As today is the first full day of fall, it seems only appropriate to take a look at some of the warm and cozy garments in our collection. So, today we bring you a selection of coats and jackets, from sensible wool to patterned lamé. Let us know if you see anything you love!
Woven with metallic threads, this coat features the columnar silhouette that was so popular during the 1920s. The clean lines of the coat are enriched by the abstract pattern and rich colors of the textile and its oversize fur collar. Lamé evening coats were extremely popular during the 1920s; a 1924 Vogue article featured lamé evening coats and wraps by Worth, Doucet, Chanel, and Molyneux. Like the coat seen here, many 1920s coats lacked a fastener of any kind. Called clutch coats, they were clasped together with the hand, or fell open to reveal the dress underneath. Period fashion illustrations often picture women grasping both sides of their coats, while also holding a small purse tucked under the arm.
This wool jacket is classic Lanz. Founded in Austria during the 1920s, Lanz of Salzburg specialized in skiwear and Austrian traditional dress. The company began synonymous with the newly popular folklore style, even earning a 1933 mention in American Vogue. This Lanz Original jacket dates from after company founder Josef Lanz immigrated to the United States sometime during the 1930s. Despite this relocation and renaming of the company to Lanz Originals, Lanz continued to produce sportswear with a folklore feel. This green wool jacket features the strong 1940s silhouette, but is softened by embroidered strawberries and a red/white patterned lining. The brass buttons are a detail typical of Lanz designs.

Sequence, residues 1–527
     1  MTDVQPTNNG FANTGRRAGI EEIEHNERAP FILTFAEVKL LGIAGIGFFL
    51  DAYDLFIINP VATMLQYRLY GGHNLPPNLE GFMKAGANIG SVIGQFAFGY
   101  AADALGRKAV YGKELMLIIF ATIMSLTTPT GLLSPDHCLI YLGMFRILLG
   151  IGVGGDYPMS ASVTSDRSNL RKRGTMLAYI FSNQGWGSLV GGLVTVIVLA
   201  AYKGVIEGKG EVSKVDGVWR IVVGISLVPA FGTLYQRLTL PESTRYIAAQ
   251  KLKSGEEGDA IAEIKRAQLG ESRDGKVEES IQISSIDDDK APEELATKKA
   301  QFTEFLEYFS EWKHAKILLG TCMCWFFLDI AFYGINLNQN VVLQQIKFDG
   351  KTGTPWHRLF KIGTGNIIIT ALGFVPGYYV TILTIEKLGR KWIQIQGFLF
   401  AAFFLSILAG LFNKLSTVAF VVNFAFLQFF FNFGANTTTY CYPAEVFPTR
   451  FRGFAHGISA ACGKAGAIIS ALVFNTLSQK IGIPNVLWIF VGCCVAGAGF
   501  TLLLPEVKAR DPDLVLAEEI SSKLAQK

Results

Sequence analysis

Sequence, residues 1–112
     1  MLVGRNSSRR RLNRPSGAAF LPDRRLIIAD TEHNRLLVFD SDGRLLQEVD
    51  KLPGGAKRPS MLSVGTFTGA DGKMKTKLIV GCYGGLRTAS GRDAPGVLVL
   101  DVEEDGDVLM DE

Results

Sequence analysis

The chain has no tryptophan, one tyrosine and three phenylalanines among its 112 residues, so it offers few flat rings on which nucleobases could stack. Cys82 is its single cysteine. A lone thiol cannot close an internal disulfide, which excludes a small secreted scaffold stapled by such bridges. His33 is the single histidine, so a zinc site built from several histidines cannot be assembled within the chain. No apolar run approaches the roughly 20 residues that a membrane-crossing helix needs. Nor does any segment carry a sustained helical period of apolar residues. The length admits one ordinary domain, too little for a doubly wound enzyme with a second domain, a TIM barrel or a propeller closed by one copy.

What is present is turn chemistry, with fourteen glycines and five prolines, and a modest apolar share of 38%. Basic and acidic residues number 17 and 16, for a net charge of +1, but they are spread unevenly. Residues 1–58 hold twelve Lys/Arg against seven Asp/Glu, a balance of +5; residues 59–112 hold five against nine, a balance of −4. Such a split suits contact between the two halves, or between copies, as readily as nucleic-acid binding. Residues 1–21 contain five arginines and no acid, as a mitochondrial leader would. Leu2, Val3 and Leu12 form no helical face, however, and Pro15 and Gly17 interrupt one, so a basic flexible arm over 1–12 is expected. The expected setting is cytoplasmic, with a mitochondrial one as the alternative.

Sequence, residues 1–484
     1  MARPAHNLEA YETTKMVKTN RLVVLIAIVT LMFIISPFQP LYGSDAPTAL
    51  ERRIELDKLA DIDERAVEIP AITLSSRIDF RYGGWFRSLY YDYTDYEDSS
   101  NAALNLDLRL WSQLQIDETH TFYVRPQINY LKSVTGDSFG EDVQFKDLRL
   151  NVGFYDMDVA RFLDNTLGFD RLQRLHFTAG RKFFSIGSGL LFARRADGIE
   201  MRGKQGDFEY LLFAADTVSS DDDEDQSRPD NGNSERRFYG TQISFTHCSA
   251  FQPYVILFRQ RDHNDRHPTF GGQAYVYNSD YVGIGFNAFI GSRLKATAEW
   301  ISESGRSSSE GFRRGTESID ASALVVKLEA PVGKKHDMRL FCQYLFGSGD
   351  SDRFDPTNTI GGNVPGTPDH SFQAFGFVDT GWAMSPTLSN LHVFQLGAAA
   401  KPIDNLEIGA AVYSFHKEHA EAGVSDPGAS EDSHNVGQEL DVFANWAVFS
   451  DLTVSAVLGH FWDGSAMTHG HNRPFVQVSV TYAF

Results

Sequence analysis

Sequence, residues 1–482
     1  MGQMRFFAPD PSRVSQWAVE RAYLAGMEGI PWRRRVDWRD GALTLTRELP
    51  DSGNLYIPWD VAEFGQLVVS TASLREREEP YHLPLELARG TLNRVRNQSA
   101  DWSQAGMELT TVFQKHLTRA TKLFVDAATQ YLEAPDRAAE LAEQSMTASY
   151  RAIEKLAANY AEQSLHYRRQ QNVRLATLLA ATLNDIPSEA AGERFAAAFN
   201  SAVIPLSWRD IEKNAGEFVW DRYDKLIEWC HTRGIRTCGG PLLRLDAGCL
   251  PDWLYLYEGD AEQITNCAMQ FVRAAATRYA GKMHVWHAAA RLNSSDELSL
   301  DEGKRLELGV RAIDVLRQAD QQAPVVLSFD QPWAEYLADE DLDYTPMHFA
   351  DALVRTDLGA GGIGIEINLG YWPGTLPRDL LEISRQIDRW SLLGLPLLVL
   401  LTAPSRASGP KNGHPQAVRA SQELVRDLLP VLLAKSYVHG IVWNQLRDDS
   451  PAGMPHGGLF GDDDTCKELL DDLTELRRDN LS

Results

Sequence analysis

American designer Bonnie Cashin (1907-2000) was a promoter of no-nonsense dressing for the active, modern woman. Cashin's garments were designed with practicality, comfort, and warmth in mind, while also emphasizing uncluttered lines, easy fit, and functional details such as large pockets. The Noh coat (pictured above) was Cashin's take on the flat planes of the Japanese kimono. Roomy and warm with a single leather tie closure, the Noh coat was designed as the outer layer of a Cashin outfit.
Ossie Clark's (1942-1996) severe black maxi-coat is a take on the redingote, a heavy, long coat worn by 18th century men for outdoor pursuits and horseback riding. As is often the case with menswear, women adopted the redingote for their own, donning versions made from patterned silks. This style of coat was worn off and on through the 19th century. Like Clark's version, redingotes often had oversized collars and turned back cuffs. Fitted jackets and coats were an important part of Clark's design vocabulary, often serving as a foil for his whimsically patterned dresses.